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					                                          C99-G08                  1

Title:                   Textile Ink Jet Performance and Print Quality Fundamentals

Project Number:          C99-G08

Investigators:           W.W. Carr (leader), J.F. Morris, F. J. Schork, and W.C. Tincher
                         Georgia Institute of Technology
                         J. Zhu, Institute of Paper Science and Technology

Project Goal:            The goals of this project are: 1) To obtain fundamental understanding of the role
                         of particles in setting the flow behavior and droplet formation characteristics in
                         textile ink jet printing nozzles and 2) To understand at a fundamental level the
                         interactions of a single ink-jet droplet with textile printing media on image
         This study is expanding the scientific knowledge base for a technology, which will enhance the
productivity of the American textile industry. Digital ink jet printing, coupling existing rapid design
generation capabilities with a low-waste method of delivering colorant, is a critical technology for mass-
customization manufacturing of textile products; however, hardware reliability and speed limitations are
technical barriers, limiting use of ink jet printing primarily to generation of samples. This project is
directed at obtaining understanding needed to allow rational design of digital ink jet printing systems for
the textile industry. Also, the fundamentals affecting print quality are not well understood. Limited
research has been conducted on printing quality associated with the interactions of droplet impingement
onto a porous, non-elastic surface. The role of substrate surface properties on printing quality was only
recently recognized as an important factor in color ink jet printing. Therefore, research in this project on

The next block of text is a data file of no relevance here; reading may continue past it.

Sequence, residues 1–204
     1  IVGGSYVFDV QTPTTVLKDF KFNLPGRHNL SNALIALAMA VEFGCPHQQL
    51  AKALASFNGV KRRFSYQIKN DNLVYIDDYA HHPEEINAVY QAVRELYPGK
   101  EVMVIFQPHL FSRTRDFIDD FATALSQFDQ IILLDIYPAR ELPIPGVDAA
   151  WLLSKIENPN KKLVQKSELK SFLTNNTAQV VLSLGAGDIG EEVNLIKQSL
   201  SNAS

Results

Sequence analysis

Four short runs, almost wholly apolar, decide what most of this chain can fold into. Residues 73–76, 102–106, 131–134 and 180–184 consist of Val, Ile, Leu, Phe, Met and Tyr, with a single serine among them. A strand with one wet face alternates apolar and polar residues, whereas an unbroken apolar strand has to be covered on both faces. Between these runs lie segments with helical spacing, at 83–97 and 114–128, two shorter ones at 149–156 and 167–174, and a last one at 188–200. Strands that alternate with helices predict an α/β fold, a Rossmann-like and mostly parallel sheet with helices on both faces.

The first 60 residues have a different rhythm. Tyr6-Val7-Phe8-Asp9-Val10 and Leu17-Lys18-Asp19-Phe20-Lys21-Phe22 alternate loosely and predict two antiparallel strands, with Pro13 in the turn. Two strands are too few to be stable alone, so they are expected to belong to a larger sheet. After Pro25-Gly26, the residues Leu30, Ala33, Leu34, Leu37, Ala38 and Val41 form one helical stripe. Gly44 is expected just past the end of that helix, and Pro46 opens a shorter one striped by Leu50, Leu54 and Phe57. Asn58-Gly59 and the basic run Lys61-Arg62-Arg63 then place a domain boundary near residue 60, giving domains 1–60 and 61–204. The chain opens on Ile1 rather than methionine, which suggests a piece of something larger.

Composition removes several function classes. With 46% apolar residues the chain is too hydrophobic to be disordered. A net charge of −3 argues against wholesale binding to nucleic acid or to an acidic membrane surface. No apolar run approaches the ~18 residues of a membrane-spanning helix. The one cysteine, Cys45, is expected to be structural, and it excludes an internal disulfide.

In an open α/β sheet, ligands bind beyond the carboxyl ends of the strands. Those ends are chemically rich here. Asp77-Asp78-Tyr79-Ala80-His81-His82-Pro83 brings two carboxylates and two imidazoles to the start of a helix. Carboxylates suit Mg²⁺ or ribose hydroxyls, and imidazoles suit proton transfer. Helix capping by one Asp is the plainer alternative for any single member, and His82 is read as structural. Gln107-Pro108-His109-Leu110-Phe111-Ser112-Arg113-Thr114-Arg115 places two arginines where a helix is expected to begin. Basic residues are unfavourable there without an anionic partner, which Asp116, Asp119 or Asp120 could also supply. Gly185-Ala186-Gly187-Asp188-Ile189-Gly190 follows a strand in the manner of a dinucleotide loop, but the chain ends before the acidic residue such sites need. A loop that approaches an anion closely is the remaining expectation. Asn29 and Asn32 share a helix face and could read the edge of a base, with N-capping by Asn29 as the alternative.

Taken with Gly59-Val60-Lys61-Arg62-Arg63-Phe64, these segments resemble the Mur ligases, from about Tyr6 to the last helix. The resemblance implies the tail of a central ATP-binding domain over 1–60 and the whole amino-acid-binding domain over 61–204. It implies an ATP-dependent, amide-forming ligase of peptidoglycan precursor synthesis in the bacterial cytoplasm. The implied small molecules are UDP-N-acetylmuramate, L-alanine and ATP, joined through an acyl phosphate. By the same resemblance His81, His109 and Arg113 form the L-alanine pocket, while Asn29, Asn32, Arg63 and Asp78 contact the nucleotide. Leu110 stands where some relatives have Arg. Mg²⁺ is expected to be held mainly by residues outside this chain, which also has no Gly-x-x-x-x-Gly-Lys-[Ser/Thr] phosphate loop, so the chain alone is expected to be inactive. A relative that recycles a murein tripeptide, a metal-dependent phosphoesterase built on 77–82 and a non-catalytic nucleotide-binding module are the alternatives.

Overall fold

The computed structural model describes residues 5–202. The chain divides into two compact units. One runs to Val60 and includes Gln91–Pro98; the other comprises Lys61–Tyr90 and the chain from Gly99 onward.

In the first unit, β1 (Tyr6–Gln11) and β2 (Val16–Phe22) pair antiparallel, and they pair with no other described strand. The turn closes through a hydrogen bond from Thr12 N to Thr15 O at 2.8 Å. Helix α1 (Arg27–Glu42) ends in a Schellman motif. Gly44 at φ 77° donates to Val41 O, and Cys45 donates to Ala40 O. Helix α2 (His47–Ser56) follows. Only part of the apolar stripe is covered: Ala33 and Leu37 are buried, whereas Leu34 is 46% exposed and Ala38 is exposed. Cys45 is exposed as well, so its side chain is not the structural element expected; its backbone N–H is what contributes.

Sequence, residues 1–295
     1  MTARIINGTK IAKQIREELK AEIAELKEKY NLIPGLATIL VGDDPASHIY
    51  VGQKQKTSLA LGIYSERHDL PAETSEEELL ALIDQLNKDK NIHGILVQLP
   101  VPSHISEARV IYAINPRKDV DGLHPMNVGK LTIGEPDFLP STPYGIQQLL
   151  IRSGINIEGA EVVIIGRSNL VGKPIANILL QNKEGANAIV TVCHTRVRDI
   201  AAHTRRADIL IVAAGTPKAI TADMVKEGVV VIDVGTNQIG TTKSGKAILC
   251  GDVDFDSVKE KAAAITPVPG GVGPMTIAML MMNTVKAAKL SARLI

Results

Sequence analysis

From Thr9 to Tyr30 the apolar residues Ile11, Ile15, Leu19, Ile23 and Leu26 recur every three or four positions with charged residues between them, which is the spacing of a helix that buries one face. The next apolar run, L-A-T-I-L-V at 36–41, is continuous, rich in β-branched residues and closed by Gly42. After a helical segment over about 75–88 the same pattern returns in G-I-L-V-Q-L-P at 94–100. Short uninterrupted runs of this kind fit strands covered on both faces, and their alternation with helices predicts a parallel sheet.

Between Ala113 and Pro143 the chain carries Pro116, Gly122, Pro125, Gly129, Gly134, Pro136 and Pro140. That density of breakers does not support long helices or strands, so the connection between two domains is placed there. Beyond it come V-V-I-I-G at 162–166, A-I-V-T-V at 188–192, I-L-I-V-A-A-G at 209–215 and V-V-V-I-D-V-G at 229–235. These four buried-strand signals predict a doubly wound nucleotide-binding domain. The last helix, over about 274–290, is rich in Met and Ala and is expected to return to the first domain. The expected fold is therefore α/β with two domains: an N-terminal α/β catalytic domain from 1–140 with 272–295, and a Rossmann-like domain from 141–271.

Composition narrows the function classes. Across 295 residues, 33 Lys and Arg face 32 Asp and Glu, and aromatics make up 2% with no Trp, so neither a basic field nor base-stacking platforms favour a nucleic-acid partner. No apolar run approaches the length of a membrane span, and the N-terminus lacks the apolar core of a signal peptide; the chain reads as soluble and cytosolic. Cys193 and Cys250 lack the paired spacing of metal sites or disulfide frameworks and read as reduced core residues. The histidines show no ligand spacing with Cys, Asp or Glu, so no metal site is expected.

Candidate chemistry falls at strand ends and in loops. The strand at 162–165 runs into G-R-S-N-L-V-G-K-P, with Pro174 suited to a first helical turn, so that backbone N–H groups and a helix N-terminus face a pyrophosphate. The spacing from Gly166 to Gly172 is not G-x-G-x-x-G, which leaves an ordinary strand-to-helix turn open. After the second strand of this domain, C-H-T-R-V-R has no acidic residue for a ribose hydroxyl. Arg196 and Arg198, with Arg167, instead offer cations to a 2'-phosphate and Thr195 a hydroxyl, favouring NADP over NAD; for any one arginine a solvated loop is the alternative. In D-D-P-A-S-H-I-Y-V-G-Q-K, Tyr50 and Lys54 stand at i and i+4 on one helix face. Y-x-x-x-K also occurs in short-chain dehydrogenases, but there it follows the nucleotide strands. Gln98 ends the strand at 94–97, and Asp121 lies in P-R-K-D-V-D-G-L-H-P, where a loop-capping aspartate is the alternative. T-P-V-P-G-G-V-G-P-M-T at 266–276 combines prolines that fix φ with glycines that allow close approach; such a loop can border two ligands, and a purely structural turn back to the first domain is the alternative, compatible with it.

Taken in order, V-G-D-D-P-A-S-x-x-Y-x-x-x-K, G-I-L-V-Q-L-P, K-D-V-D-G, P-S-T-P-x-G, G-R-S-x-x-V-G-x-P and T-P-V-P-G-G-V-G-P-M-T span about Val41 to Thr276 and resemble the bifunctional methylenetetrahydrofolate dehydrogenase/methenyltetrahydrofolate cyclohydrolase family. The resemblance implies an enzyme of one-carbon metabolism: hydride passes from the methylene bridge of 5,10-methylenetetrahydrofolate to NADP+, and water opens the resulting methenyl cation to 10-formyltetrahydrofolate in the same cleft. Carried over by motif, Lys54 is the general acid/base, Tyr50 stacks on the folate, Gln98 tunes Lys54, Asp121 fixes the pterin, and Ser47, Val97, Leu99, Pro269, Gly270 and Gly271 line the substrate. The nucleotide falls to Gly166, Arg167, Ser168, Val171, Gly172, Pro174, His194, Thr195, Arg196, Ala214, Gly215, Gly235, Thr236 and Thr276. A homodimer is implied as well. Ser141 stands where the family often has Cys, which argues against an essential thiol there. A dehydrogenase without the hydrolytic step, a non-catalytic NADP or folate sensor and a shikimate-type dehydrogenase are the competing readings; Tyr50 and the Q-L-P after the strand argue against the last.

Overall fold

the interaction of single ink droplet with substrates will yield better understanding of the fundamentals
affecting printing quality.

         Ink jet printing is as a critical technology for mass-customization manufacturing of textile
products; however, hardware reliability and speed limitations are technical barriers, limiting use of ink jet
printing primarily to generation of samples. Post processing is required by most ink jet systems currently
being used. In a previous NTC project (C95-G01), polymerizable ink systems and two-phase ink systems
were shown to have potential of eliminating post processing. However, understanding of dispersion
stability and two-phase flow under the extreme conditions encountered in an ink jet printer is insufficient
for design purposes. Research is critical for realization of the potential of these approaches because the
issues of fine capillary flow and the droplet breakup from a jet, despite being well understood for pure
fluids, are known to be the source of serious clogging and erratic behavior and remain virtually unstudied
for suspensions of solid particles.
         Research on printing quality associated with the interactions of droplet impingement onto a
porous and non-elastic surface has been limited and qualitative in nature (Oliver, 1988; Rultand, 1995;
Hensema et al, 1997). The role of substrate surface properties on printing quality was only recently
recognized as an important factor in color ink jet printing (Larish, 1997). Our research on the interaction
of single ink droplet with substrates, with attention to the role of surface properties on image formation, is
directed at providing a better understanding of the fundamentals affecting printing quality.
         The goal of this project is to develop a fundamental knowledge base on the flow, droplet
formation, and droplet/substrate interaction in two-phase ink jet printing. These issues are being studied
over a range of the controlling parameters, and the parameters required for optimization of the process for
rapid and reliable operation are being defined. We are performing experimental and numerical simulation